Advice is Valuable – Good Advice is Invaluable

When independent advice isn’t totally independent

The two most common reasons people seek independent advice are to gain an understanding over something they don’t understand, or, to clarify a situation.

Whichever it is, it’s fair to say that when seeking independent advice, it’s assumed that the advice is given in the proper manner – independently and without bias.

Sadly, this is not always the case.

It’s not uncommon for relationships to exist between different service providers. Typically, financial benefits accrue through referral fees and commissions. As a result, what appears to be independent advice may not be so neutral. That’s because, built into the advice may be a referral to another party from whom the advisor gains a direct benefit should the referral be followed through.

When seeking advice, one of the key questions to ask is whether there are any benefits of any kind the advisor receives from a third party. Two warning signs that the advice may not be as independent as it should are:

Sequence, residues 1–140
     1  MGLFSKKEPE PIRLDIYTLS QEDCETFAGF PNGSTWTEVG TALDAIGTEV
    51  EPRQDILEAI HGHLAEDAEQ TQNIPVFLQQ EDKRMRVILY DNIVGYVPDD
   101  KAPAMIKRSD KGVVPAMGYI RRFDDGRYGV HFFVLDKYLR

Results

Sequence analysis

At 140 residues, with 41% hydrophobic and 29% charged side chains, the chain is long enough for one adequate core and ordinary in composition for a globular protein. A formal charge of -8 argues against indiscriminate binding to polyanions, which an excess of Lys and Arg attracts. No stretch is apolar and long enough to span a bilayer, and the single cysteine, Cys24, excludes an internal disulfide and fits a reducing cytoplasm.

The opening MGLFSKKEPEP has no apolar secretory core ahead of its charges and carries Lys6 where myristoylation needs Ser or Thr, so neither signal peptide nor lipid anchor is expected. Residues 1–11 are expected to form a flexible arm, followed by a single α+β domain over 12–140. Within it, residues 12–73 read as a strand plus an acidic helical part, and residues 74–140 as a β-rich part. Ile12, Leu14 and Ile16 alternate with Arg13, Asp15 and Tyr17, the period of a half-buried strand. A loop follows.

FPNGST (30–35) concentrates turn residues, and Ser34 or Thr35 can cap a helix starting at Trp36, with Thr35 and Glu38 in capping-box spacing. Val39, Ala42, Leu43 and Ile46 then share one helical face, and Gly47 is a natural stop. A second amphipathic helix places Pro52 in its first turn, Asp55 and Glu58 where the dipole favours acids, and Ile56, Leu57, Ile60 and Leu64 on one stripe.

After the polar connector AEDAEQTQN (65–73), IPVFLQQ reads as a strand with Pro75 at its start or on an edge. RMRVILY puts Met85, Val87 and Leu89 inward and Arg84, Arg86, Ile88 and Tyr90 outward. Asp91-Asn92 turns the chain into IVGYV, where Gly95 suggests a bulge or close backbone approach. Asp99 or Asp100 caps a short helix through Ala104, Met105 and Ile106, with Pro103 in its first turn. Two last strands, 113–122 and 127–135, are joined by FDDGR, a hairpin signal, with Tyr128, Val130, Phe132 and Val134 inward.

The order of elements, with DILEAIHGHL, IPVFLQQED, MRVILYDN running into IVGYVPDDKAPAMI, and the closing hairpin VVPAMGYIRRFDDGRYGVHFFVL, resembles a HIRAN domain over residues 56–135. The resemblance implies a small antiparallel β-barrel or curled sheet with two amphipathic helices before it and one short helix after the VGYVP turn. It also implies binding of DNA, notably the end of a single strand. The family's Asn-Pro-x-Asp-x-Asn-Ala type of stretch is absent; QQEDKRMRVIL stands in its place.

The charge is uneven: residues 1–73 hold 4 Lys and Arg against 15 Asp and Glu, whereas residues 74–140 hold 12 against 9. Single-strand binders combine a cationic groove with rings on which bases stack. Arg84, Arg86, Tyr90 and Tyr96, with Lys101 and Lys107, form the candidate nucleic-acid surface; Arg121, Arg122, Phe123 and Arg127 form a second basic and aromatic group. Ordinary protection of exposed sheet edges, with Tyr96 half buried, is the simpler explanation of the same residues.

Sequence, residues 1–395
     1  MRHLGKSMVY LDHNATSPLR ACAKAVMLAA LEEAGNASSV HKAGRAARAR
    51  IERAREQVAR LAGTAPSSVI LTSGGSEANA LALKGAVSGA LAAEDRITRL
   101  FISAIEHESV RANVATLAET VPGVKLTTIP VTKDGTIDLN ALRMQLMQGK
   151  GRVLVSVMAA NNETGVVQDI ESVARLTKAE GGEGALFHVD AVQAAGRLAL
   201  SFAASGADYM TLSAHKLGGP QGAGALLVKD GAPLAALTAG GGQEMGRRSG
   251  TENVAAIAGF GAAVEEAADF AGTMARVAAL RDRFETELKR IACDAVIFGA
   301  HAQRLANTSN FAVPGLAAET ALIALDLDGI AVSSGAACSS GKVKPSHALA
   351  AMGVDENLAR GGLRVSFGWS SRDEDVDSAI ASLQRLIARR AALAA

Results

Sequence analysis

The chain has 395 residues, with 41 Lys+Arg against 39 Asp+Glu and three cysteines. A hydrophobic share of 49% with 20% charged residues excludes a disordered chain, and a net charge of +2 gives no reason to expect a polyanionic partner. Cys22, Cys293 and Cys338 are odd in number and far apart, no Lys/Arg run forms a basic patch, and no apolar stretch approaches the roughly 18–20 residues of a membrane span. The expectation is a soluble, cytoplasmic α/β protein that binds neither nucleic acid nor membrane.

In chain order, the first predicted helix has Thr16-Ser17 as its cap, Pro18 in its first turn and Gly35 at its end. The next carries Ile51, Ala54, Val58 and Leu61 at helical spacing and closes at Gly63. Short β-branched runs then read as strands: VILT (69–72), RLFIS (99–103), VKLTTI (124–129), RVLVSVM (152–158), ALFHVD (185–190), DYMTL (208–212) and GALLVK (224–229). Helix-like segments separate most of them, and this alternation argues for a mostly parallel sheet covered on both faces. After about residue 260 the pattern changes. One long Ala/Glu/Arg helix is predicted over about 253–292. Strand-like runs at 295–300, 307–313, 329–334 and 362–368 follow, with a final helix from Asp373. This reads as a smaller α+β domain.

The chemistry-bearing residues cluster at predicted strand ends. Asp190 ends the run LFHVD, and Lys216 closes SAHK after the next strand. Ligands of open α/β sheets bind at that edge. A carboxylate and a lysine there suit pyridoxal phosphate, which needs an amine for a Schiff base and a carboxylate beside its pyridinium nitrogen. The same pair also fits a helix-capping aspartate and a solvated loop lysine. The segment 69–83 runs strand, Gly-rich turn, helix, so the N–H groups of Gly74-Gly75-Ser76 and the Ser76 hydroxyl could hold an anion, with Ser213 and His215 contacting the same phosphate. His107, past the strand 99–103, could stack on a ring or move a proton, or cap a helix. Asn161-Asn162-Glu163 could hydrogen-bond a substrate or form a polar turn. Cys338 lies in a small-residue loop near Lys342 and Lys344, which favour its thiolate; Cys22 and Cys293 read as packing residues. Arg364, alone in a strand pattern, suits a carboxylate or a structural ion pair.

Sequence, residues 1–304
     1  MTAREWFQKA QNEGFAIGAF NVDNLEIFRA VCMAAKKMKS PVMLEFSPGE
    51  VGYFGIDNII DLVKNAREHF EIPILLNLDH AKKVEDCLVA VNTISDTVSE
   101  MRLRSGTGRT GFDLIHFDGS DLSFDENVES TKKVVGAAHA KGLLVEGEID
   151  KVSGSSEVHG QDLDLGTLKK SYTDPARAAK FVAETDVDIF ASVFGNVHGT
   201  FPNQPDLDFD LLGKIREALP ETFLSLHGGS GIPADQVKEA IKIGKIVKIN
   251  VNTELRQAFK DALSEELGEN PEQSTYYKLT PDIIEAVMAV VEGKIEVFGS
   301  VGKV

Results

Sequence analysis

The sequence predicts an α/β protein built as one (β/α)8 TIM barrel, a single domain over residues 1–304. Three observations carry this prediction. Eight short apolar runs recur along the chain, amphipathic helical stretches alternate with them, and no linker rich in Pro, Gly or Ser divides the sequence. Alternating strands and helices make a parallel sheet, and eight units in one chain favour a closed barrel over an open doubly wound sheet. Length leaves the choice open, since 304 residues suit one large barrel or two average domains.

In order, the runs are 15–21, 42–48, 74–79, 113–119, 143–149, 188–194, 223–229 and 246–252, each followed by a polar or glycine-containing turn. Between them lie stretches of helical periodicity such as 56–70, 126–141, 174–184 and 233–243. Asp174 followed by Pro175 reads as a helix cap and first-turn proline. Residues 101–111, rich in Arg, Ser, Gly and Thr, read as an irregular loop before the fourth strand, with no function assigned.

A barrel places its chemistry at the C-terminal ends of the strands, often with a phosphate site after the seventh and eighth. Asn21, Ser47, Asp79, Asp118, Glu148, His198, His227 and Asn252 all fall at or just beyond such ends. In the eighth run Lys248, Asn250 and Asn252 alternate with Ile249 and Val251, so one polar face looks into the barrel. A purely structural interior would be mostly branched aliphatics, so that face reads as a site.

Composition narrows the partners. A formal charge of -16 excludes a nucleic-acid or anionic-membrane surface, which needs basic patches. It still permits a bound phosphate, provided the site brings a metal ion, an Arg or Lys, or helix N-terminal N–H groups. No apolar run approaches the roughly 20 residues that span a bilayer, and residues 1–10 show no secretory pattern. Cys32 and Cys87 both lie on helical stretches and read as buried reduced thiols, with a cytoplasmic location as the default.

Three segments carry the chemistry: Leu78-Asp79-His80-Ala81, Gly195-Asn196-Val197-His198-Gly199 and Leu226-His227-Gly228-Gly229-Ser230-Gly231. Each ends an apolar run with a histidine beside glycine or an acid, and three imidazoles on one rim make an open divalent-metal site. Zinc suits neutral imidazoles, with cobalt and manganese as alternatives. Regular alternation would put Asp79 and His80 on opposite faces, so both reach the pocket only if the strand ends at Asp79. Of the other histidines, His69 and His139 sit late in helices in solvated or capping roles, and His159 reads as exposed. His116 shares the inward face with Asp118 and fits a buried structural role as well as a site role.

• The advisor is insistent in their recommendation of using a third party’s services or products, and
  • The fee they’re charging is too competitive, even much lower than you may have been quoted by another advisor.

The adage of ‘you get what you pay for’ rings true when it comes to dealing with advisors.

It’s important to note that good advisors are usually not cheap. Good advisors who provide independent advice do so without any form of kick-back or benefit derived from their advice. Be they lawyers, bankers or business brokers, trusted advisors work in their client’s best interest, providing information which is truly unbiased and reliable.

Ultimately the best advice comes from a source which has your best interests in mind – and not their own interests.

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